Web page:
What was the Artists Union?

Notes by Avis Saltsman - Page One

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A Sunday afternoon: two parents, concerned that their children have a broad education, have taken them to a contemporary Art exhibition in a gallery. They enjoy the experience and the children may even have been inspired by the show, which has cost them nothing. The artist, meanwhile, will probably have had to pay for the use of the gallery, while the visitors may well think that the artist has been paid to show their work. For it is work and artists need to eat, be clothed and housed, and if they wish, bring up children, whilst still working as artists. The gallery director and staff are paid but who pays the artist?

However, whenever a conversation takes place about the proposition that artists should receive remuneration for the work they do, a member of the general public is likely to recall a world-famous artist who never received any in their lifetime and that is supposed to be the end of the argument. In fact, the struggling artist was an innovation of the twentieth century and, before that, various forms of state funding were available, aristocratic patronage being effectively, state funding. This has long since died out. So has the nineteenth-century market provided by its newly-affluent bourgeoisie. However, there was a tremendous expansion in art college provision in the nineteen-sixties and questions began to be asked by some of the people going through the process about their position in British society and their possible means of making a living.

Artists began to take measures to help themselves. In 1969 artists, some of whom worked from studios in the old St Katherine’s Dock before its development, named the ‘I’ Site, the first SPACE studios, established A.I.R. (Art Information Registry), an information service for the promotion of the arts from an office in Stepney Green. Its Registry constituted an artist’s index containing information on artist’s work, working techniques and material and of persons and organisations active in the arts. ‘CATALYST’, the first published registry and news sheet of activities from 1969 to 71 became AIRMAIL in 1972-3. The list was used by organisations all over Britain. The Registry offices were moved to Burlington House, home of the Arts Council, the organisation being funded by an Arts Council grant. Some of the same artists were involved in founding another self-help organisation in 1972, the Artists Union. (The Art Information Registry opened a gallery in October 1975 at 125/129 Shaftesbury Avenue but at the same time the Arts Council announced that the grant was not going to be increased).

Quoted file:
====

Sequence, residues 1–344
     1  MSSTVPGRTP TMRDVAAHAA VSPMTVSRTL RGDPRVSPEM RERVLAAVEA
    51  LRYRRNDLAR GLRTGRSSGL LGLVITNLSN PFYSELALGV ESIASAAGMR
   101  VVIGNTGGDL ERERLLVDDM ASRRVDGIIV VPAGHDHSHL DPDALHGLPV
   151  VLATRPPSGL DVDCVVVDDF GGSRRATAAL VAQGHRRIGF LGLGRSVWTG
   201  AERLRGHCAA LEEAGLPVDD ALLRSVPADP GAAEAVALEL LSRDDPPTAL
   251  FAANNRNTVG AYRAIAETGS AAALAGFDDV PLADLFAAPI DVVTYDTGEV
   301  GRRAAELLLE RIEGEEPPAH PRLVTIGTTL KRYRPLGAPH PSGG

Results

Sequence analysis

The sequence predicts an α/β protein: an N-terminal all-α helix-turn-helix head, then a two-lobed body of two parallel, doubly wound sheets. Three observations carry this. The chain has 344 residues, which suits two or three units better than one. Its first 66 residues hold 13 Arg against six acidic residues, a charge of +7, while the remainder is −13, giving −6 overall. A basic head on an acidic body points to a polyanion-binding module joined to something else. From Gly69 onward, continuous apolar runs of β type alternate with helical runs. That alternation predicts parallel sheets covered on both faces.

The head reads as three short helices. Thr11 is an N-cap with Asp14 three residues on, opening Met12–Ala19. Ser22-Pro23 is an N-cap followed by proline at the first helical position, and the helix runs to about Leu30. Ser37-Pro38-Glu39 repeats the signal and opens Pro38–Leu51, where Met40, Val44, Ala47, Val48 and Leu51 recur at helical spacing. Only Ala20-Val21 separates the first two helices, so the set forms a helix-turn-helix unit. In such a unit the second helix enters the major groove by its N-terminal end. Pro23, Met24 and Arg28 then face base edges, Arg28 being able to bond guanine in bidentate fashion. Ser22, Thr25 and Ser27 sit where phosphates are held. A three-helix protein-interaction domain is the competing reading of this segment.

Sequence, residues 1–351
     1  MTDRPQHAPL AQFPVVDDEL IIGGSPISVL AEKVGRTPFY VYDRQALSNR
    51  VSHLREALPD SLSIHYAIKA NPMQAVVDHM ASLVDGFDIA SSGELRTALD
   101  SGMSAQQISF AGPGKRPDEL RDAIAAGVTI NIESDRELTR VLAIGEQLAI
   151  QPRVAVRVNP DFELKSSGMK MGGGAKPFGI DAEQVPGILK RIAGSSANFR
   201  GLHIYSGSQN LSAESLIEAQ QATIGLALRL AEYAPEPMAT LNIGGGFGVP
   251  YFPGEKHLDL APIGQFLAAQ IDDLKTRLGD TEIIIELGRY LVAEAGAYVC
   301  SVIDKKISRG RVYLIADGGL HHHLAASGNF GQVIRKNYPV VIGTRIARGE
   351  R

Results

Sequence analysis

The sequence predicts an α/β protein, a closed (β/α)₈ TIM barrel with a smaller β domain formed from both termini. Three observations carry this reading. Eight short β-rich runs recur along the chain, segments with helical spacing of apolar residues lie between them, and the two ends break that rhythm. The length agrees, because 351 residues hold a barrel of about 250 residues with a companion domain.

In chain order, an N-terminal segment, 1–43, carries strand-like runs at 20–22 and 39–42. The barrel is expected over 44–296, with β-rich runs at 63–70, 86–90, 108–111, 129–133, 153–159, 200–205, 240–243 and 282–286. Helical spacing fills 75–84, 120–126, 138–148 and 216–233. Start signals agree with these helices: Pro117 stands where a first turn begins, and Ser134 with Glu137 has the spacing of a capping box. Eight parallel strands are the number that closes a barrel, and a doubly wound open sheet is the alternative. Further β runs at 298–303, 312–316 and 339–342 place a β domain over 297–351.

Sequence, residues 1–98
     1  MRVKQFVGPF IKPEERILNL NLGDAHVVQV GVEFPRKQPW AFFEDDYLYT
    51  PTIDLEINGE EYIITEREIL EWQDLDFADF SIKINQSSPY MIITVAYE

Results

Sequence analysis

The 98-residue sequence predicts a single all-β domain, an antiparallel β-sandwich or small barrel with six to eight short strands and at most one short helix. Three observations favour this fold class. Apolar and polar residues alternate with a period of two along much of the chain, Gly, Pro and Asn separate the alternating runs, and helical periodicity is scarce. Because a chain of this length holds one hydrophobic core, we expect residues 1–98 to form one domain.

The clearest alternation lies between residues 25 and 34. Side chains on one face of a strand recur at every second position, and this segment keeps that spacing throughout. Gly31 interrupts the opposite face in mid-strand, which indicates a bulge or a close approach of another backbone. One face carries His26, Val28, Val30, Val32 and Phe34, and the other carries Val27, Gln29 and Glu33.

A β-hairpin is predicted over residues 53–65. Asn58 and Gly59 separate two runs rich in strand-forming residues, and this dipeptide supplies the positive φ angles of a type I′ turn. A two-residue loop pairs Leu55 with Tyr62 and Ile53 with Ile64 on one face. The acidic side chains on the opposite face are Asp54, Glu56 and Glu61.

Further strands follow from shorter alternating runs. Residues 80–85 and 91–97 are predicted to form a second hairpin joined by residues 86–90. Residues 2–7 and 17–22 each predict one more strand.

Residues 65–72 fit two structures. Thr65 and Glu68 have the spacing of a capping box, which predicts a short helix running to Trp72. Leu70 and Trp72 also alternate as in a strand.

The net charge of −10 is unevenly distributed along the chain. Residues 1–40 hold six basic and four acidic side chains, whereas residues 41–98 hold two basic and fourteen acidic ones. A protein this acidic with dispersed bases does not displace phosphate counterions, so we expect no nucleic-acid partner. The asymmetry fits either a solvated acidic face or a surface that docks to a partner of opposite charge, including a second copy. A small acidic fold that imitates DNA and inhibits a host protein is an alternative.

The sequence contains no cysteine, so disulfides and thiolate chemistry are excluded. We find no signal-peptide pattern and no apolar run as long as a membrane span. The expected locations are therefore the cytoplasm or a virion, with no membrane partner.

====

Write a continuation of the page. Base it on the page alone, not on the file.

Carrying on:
TATE Archive has acquired most of the records of the national Artists Union which ran from 1972 until 1983. This was the initial working paper:-


After several meetings over a period of months, a commitment was made to the idea of an Artists Union affiliated to the TUC by a number of artists. The constitution of the Artists Union evolved from working party recommendations and at a subsequent meeting on Friday, May 19 a constitution was amended and ratified by artists which it is hoped will form the basis for a democratic structure capable of flexibility and which is completely responsive to the needs and demands of its members.

Full meetings of the Artists Union are held monthly at the union rooms, c/o Nash House, Carlton House Terrace, London, SW1 and the Artists Union welcomes and invites interested people and potential members to these meetings. The Artists Union bases its philosophy on positive commitment rather than passive acceptance.

The following workshops are at present meeting under the auspices of the Artists Union: Artists’ Role in Society; Media; Art. Patronage, Marketing and Money; Government Policy for the Arts; Policy within the Trades Union Movement, The Artist in Education; Art, Science, Technology and Industry; Women in Art; Exhibitions. Workshops provide a structure through which the membership of the Union focuses on particular areas of concern. These workshops at present constitute a mechanism for the investigation in depth of these areas together with the assessment and formulation of principles, aims and strategies on issues of vital importance to the Arts and their relationship to western civilisation.

The workshops also meet regularly in the Artists Union rooms c/o Nash House and these meetings are completely open to all and anyone; members and non-members may make proposals or suggestions to be put before the full membership at the monthly Branch Meetings with the possibility of this becoming official union policy.

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Contact: Avis Saltsman (or Saltzmann), 17 Gerrard Road, Islington, London N1 8AY +44(0)20 7359 6294 or e-mail her
URL: http://www.art-science.com/Avis/au/au1.html
Last revised 14/10/2002 Copyright: Avis Saltsman 1998 - 2002